…says Ambassador Mukwita  

Berlin, June 27, 2019

Zambia’s Ambassador to Germany His Excellency Anthony Mukwita has cautioned foreign media against using ‘pedestrian’ experts that make alarming and damaging statements about Zambia on their programmes as they often lack or possess no facts to validate their claims.

Ambassador Mukwita has also advised interviewers to challenge guests that make allegations with the potential to injure a country’s image to demonstrate the basis of their claims.

The senior diplomat was reacting to an interview German television DW conducted with a Chiponda Chimbelu that discussed the question of Konkola Copper Mines, KCM and the legal actions taken by the Zambian government.

Mr. Chimbelu believed to be a Zambian by origin claimed the Zambian government was cash-strapped hence the reason it commenced action to liquidate KCM, as a shareholder contrary to the facts given by President Edgar Lungu when he announced the legal route.

This is not the first time DW is quoiting an ‘off side’ toxic analyst regarding important Zambian issues without seeking a Zambian comment from the embassy in Berlin or indeed Lusaka.

Recently another DW story in which they were quoting Nick Branson identified as a Senior Africa Analyst at Verisk Maplecroft went on air without the side of the Zambian government as required by basic journalism standards.

Ambassador Mukwita said such remarks smack of ‘an agenda’ intended to control and direct the narrative, adding, “they are also misleading, inflammatory and injurious to Zambia’s international image.”

Given the seriousness of the remarks, the senior diplomat said basic standards of fairness in journalism demanded that the views are balanced with a voice from Zambia’s government.

“It is now common practice on many international media platforms to check allegations made against facts. We see this happen often on CNN as a way of protecting viewers against the injury that arises from misleading statements. If these standards are applied when allegations are being made against western governments, why are not similar standards applied when dealing with an African story? Are we any less important or any less human?”, Ambassador Mukwita asked.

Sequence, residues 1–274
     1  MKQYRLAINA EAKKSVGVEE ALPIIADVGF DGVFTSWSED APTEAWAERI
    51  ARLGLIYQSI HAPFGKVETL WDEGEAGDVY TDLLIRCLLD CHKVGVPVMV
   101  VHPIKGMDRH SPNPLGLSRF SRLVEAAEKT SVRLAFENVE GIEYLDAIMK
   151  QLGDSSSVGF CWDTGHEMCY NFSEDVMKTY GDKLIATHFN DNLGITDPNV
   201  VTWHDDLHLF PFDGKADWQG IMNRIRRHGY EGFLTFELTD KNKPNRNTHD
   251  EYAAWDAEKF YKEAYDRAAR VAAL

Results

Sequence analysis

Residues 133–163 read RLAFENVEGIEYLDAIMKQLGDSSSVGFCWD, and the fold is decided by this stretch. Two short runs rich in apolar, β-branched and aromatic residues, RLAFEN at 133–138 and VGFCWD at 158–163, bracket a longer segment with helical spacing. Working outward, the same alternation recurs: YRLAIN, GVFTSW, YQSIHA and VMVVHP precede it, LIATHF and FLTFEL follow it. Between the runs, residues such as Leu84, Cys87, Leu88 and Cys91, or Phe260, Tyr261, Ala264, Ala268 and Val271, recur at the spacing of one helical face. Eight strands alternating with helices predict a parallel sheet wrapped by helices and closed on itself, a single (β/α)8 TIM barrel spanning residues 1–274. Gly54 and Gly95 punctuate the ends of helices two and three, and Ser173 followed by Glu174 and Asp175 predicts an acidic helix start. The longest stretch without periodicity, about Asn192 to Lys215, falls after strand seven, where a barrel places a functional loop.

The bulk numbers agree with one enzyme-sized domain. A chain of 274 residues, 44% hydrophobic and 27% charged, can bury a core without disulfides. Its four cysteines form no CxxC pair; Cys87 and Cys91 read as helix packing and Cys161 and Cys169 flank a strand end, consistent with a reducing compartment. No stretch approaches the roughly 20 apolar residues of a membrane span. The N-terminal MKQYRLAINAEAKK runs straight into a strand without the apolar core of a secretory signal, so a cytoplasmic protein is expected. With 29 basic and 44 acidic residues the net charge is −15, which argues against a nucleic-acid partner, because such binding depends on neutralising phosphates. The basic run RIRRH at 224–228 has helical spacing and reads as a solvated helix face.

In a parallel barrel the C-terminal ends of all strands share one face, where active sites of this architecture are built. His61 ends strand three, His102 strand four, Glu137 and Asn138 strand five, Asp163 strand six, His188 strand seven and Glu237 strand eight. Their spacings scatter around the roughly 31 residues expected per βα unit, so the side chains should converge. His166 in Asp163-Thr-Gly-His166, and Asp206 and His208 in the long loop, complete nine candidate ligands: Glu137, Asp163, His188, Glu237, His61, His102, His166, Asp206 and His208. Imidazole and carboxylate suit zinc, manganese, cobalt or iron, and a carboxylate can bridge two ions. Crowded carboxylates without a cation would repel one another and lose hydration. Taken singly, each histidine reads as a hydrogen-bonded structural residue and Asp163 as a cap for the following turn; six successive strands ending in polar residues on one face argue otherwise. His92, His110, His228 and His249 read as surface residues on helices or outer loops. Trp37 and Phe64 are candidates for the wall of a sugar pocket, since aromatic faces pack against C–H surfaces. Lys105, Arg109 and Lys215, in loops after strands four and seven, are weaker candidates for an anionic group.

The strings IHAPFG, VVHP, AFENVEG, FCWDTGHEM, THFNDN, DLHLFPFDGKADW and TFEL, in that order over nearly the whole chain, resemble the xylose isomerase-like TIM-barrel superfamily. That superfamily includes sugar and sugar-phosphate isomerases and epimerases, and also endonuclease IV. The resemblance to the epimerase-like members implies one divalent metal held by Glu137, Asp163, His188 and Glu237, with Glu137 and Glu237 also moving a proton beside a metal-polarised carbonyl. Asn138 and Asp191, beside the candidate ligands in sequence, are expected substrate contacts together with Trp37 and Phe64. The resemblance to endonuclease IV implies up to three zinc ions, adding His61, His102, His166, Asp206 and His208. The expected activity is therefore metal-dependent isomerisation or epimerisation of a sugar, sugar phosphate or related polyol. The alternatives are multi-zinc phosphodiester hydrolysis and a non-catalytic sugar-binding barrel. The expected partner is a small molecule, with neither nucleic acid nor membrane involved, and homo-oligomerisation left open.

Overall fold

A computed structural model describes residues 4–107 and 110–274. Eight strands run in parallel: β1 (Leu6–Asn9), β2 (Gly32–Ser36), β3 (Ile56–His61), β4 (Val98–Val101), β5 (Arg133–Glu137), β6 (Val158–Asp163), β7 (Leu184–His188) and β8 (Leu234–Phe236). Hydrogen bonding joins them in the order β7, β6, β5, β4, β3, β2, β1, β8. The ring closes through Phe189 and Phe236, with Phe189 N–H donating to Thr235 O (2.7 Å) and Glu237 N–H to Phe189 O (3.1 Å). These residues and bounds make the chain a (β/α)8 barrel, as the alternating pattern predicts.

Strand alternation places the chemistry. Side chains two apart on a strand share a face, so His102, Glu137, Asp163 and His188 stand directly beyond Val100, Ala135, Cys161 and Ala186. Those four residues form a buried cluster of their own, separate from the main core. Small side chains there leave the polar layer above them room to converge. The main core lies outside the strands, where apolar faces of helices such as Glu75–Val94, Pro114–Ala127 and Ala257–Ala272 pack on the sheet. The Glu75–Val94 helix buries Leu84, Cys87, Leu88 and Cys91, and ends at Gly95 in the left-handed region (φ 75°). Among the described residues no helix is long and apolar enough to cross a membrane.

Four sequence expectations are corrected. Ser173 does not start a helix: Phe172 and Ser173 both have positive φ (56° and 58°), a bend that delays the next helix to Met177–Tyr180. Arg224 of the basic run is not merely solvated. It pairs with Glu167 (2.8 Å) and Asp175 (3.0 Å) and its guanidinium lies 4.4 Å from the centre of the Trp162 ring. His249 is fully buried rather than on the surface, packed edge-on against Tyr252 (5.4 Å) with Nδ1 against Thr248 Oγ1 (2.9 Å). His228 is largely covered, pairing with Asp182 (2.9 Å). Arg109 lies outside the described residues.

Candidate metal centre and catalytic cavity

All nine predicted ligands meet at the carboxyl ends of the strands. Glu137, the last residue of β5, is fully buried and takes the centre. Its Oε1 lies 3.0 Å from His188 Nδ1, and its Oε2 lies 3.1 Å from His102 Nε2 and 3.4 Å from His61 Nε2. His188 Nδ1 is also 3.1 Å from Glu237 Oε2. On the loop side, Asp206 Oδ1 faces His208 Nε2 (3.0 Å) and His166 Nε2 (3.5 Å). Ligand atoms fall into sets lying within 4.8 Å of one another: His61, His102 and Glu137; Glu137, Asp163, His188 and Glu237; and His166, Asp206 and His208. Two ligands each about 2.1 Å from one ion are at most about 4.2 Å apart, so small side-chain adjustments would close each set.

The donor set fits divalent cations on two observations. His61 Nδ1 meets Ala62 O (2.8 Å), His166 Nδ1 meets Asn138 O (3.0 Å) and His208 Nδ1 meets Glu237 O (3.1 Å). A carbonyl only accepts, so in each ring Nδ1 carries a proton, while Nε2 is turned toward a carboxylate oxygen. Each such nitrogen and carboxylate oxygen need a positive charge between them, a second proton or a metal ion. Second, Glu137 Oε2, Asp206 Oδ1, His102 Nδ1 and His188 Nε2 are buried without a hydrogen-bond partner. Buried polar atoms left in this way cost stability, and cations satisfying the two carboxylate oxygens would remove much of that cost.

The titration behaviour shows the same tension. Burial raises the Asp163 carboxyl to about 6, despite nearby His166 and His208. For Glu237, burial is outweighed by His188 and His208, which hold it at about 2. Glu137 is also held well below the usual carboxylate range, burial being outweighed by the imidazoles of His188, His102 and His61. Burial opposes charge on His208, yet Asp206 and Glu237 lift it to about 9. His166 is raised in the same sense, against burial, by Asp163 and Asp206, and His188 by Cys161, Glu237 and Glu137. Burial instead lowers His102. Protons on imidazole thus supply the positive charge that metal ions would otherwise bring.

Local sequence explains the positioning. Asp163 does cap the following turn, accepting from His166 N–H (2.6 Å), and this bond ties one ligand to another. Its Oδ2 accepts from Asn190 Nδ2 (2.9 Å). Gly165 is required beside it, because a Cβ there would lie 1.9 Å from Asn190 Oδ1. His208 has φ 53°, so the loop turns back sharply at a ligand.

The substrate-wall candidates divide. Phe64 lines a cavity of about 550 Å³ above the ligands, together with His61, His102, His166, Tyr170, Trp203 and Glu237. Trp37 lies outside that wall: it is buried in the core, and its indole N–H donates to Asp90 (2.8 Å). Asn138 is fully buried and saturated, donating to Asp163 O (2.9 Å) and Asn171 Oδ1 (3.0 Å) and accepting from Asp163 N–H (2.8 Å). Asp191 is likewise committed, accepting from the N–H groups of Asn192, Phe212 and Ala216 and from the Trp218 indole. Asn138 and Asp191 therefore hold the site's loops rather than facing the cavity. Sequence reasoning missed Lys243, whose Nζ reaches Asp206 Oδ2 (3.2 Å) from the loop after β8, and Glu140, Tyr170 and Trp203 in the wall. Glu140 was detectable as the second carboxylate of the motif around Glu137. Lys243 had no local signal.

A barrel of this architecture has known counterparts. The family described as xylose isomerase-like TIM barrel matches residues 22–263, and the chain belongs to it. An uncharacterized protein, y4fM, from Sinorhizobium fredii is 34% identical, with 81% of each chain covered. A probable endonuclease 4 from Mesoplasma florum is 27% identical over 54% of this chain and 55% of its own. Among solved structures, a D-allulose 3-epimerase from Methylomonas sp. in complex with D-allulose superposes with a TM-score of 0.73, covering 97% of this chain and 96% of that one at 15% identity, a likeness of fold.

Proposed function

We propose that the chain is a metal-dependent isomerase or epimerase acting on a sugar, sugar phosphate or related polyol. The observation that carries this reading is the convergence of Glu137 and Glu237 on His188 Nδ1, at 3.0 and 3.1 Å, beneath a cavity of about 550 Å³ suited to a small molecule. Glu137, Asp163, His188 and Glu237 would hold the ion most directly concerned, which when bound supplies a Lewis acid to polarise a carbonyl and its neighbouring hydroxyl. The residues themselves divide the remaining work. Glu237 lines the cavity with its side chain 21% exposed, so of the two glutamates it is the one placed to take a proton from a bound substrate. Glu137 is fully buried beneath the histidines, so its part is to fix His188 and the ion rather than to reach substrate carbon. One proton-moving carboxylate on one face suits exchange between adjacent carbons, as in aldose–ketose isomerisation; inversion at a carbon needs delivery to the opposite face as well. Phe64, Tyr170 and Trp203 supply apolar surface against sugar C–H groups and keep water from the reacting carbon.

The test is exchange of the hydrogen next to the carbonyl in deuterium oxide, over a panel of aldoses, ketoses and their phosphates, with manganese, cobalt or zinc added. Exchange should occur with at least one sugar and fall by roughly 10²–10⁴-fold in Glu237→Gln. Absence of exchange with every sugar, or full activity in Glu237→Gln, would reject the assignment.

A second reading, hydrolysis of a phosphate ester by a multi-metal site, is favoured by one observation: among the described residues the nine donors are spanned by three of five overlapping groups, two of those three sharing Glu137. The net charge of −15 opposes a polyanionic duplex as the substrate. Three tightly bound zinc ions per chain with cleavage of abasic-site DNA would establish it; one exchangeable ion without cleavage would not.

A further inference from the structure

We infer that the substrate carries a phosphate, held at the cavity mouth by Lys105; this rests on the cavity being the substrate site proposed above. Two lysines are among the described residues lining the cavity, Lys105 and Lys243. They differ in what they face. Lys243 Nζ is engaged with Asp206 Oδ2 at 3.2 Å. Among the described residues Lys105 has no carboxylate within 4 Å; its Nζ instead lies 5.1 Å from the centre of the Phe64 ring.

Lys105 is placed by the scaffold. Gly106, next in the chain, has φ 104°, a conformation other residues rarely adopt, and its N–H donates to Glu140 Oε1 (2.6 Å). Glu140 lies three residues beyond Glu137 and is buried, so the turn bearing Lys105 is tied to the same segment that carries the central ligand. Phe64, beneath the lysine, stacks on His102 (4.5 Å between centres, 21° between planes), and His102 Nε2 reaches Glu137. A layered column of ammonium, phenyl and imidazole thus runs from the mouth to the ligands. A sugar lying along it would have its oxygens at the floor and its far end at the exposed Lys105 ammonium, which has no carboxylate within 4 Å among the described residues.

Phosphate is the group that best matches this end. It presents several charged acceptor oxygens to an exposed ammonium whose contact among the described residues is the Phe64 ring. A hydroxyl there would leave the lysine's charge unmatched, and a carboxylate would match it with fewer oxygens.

‘’Zambia has consistently maintained a single digit inflation, a growth rate close to 4 percent, an external debt of 10billion dollars in a 20 billion and more economy with growth in the mining, manufacturing, energy and ICT sectors”, Ambassador Mukwita said, and added, “and we still service our debt as evidenced by the more than 700million dollars we paid in debt servicing at the end of 2018”.

Ambassador Mukwita said the Zambian government has in the past only borrowed for production and not consumption as can be seen through the sprouting of infrastructure countrywide.

The Ambassador said Zambia has adopted measures intended to run the affairs of the country smoothly during financially challenging times.

“The Zambian government took a calculated risk when it took on public works that we have spent so much money on. Each one of these works was absolutely necessary as public infrastructure needed for any meaningful activity was crumbling at the time the current government assumed power. This is the story the so-called experts being paraded in international media studios do not know or are purposely ignoring”, Ambassador Mukwita said.

He dismissed as farfetched and imaginary the conclusion that government decided to take over the operations of KCM to raise money to pay debts saying the action was taken to forestall the perennial poor management of the company by Vedanta Resources.

Ambassador Mukwita further dismissed the notion of a looming nationalisation of the mining sector saying there was no such policy by the government of President Edgar Lungu saying, “such a policy exists only in the minds of pedestrian commentators.”

The Zambian envoy recently visited DW at their Berlin offices and met Director General Peter Limbourg who was in the company of Managing Director Ms. Gelder Moyer, Head of Africa Programs Mr. Claus Stacker and Media and Public Affairs Officer Mr. Benjamin Rietdorf.

In the company of embassy press officer Kellys Kaunda, Ambassador Mukwita raised concern over recent media reports on Zambia that carried no official government comment. He told them that his office was open for comment on matters that involve the Zambian government. A few days after this meeting, DW conducted a phone interview that largely centred on ZNBC and Star Times. Whether that interview ran or not is unknown to the embassy.